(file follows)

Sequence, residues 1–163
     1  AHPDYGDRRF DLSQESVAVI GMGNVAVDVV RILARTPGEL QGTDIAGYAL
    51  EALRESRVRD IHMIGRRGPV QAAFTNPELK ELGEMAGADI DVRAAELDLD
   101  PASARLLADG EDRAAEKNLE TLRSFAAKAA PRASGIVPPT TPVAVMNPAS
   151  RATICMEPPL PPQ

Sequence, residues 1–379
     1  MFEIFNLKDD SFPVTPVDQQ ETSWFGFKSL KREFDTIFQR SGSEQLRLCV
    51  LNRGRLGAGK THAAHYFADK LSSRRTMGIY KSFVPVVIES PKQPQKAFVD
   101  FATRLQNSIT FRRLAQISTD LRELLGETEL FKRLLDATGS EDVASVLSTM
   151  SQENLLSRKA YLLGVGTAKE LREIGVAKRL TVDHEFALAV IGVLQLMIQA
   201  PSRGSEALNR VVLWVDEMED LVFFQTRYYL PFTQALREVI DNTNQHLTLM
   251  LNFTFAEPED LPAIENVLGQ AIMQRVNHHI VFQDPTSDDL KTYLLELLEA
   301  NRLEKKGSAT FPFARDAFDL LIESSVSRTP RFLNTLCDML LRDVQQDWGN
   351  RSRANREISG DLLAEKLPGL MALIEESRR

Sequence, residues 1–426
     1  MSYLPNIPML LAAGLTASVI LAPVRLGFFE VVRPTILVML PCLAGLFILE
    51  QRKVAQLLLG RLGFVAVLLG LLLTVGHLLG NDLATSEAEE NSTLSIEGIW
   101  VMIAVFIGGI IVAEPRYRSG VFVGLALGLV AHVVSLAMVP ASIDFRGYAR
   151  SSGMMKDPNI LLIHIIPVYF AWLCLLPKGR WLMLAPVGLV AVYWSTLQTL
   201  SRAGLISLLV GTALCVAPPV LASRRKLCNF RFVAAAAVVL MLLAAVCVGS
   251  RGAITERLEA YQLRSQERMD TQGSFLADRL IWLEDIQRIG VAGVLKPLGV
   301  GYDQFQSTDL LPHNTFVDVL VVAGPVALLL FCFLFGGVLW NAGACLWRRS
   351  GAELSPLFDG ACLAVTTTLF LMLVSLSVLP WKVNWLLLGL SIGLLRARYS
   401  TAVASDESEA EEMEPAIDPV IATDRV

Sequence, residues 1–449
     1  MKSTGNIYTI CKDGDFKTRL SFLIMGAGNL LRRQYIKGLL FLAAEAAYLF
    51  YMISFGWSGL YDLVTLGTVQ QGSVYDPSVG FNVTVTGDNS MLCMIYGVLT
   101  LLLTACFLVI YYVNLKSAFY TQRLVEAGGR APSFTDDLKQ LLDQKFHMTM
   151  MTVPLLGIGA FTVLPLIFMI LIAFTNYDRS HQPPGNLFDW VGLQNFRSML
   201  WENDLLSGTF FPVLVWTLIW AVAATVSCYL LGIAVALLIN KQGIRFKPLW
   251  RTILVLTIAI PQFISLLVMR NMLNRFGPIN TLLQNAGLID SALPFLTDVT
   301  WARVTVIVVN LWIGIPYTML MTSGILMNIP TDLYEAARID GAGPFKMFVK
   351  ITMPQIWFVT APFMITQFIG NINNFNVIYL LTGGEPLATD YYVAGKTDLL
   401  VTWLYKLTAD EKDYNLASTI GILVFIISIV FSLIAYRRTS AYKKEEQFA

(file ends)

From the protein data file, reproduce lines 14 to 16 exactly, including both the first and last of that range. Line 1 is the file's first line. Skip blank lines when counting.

   351  RSRANREISG DLLAEKLPGL MALIEESRR

Sequence, residues 1–426
     1  MSYLPNIPML LAAGLTASVI LAPVRLGFFE VVRPTILVML PCLAGLFILE